FinTech – can you be immune to it?

Losing jobs or income

    • As various industries are expected to be hit hard by this event, many people may lose their jobs or get a reduced income for an unknown period in the future.
    • This will cause difficulty in managing household cash flows, paying bills, mortgage and tiding over emergency situations.
    • Emergency medical conditions, for example, someone in the household may contract the virus and need to be hospitalized. Even with insurance, it may cause a hefty out of pocket expenditure.

The key to solving such emergency situations is to have enough cash cushion in terms of Emergency Fund and to cover Short Term Obligations.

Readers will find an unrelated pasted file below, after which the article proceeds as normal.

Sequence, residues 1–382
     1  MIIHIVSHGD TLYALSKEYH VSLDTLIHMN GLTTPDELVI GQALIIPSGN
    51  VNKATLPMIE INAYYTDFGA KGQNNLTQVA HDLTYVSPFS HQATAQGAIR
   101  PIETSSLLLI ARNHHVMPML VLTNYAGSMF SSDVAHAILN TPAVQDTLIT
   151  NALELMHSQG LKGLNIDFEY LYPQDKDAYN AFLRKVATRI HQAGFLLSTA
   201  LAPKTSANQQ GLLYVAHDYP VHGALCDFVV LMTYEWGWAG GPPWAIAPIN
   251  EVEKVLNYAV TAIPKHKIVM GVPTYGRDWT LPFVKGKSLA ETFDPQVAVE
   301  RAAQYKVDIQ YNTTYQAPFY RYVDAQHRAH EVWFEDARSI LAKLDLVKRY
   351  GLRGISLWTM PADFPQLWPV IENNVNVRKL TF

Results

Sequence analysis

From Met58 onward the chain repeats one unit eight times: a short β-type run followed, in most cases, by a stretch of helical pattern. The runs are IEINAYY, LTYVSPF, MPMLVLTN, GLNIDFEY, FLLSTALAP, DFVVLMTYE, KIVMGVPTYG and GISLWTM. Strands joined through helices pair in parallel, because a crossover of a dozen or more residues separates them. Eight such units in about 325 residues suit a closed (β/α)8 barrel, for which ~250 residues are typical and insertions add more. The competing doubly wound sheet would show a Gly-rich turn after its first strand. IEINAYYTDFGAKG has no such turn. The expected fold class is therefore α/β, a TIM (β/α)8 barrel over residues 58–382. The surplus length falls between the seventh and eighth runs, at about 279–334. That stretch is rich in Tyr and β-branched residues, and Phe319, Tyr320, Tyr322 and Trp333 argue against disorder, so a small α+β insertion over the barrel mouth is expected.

One essential comfort zone

Investments are tumbling and losing their value

    • Your stomach will have a strange feeling when you look at your stock, ETF or mutual fund portfolios under 401k and Taxable accounts.
    • Almost all portfolios are beaten down 25-30% and may go further down to 50% or more.
    • With the risk of financial institutions and other companies going out of business, even fixed income portfolio is not safe. There may be large scale defaults in the bond market, as companies struggle to meet their short term debt obligations.

The key to solving such challenges is to remain invested and not panic sell out of it at this time.

Afraid of investing? Not so simple either

Fear is gripping us

    • While there had been virus spread earlier, the scale of the COVID-19 is unprecedented and growing.
    • This type of lock down has never happened before, and after what happened in Italy and China, we are gripped in a fear of the fatality rate caused by the virus.